I’ve never seen commentators and news readers laugh at a speech the way the people of MSNBC laughed at John McCain’s victory speech last night. Laughter, outright prolonged laughter at how abominably lame the speech was and how poorly McCain delivered it. Chris Matthews said that every advisor McCain has ever known got a line or two in that speech. Tom Brokaw said, with his half grin, that the people who voted for McCain Tuesday night “deeply regret it after that speech, and the makers of Nyquil are in deep despair.” (Nyquil is an MSNBC sponsor, nice plug Tom.)
The speech started OK, but then wandered off into reciting every dull cliche that any politician has ever said through all of American history. You gotta see it. I dare you to figure out what he’s talking about — or to make it to the end. Somebody needed the shepherd’s crook to pull the poor guy off the stage. Speechwriters, take this as a lesson — a speech is not an Old Country Buffet. And speakers — good lord, don’t read speeches, or at least don’t read them for the first time with the cameras rolling.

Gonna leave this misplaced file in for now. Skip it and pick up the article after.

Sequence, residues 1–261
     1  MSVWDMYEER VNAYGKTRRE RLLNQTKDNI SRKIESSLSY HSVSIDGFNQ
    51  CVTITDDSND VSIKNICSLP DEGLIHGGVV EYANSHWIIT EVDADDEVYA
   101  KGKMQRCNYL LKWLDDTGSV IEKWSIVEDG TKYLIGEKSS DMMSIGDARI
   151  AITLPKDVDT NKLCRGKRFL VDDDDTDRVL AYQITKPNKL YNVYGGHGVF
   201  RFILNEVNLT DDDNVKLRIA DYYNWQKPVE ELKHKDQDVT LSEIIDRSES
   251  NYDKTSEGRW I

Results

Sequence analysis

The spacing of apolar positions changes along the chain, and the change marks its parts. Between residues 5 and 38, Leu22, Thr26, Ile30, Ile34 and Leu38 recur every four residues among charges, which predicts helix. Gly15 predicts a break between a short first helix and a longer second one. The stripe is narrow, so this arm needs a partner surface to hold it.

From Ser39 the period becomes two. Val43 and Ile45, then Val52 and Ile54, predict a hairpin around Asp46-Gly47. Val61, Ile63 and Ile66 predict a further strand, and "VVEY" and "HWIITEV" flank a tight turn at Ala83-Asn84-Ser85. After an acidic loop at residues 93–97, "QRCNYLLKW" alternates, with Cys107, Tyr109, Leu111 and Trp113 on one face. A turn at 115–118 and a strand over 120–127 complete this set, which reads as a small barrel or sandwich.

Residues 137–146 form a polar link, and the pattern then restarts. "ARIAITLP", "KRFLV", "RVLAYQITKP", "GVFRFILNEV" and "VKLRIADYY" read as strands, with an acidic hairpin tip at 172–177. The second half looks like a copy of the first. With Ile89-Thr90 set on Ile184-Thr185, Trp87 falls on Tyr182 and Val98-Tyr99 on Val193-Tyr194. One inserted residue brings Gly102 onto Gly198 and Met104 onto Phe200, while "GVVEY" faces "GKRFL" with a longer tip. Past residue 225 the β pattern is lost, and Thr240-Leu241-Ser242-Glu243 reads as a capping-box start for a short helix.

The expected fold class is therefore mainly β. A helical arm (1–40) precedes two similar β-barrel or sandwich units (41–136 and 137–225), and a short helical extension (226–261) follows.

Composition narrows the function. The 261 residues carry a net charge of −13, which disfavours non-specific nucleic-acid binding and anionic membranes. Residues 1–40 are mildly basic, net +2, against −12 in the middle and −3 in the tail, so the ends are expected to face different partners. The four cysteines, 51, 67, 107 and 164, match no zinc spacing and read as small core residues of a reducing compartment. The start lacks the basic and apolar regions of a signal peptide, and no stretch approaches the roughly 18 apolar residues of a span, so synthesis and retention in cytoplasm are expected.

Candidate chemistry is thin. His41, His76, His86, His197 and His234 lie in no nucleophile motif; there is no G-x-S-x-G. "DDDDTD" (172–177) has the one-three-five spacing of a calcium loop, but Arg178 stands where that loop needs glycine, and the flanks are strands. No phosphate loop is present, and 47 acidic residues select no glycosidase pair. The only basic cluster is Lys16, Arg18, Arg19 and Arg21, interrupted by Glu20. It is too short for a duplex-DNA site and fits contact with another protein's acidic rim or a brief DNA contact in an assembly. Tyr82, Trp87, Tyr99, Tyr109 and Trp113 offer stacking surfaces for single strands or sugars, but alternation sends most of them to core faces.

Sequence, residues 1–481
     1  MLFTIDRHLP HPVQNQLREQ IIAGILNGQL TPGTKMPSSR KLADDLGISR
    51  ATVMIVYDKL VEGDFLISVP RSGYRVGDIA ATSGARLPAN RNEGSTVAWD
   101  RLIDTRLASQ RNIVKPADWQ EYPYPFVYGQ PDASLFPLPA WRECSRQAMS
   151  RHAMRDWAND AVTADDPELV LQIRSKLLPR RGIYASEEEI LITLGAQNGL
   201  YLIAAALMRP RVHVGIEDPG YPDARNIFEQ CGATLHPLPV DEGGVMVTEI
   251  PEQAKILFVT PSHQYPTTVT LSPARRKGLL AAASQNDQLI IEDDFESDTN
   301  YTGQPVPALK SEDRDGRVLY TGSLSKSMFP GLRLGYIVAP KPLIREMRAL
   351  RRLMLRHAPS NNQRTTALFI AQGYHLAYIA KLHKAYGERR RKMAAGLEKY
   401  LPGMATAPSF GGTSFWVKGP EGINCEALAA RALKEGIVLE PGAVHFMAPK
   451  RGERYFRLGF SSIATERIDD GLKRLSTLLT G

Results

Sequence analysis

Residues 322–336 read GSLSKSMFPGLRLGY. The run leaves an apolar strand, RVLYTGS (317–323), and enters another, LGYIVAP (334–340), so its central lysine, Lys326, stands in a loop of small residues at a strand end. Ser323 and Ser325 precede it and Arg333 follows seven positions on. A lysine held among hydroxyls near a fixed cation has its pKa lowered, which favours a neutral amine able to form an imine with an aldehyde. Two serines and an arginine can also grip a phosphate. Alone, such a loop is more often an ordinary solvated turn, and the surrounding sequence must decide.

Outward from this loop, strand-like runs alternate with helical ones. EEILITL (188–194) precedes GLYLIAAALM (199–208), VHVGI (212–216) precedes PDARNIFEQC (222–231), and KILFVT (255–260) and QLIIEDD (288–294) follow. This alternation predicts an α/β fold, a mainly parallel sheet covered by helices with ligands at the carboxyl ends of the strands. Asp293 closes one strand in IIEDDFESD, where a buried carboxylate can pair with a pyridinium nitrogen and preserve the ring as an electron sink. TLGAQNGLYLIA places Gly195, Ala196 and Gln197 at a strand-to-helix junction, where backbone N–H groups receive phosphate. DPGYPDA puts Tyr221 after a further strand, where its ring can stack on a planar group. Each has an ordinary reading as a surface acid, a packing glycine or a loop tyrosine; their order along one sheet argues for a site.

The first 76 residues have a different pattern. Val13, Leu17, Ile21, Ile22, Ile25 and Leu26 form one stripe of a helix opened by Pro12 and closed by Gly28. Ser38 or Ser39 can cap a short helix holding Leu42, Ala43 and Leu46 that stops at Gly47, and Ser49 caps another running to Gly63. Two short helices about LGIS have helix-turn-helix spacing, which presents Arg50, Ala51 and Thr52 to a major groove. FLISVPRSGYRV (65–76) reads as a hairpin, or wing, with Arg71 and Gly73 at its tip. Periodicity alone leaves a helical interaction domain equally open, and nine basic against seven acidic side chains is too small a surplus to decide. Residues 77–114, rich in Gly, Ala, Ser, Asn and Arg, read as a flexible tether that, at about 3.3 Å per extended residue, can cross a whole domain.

Dave Barry, in the Miami Herald, had the best McCain line today — among the questions still to be answered in the coming weeks is this one, Barry writes: “Is John McCain, at 117, too old and cranky to be president? Like, during the White House Easter Egg Roll, would he come outside in his bathrobe and yell, ‘You kids get off my lawn?'”
Seriously, for those of us who wonder what brought so many New Hampshire women voters to Hillary when Obama won with women in Iowa, Maureen Dowd’s take on Hillary’s tears and victimhood is deeply perceptive. Hillary’s tears, Dowd says, were for Hillary.
After two primaries and seeing all the candidates, scripted and unscripted, I remain convinced that the only way any Republican can win in November is if the Democrats nominate Hillary Clinton. My wife, Lisa, assures me this won’t happen. And Lisa acknowledged that she fell down on the job last night, and she takes personal responsibility. I believe she had a tear in her eye.
–Bruce Benidt hotel internet marketing kind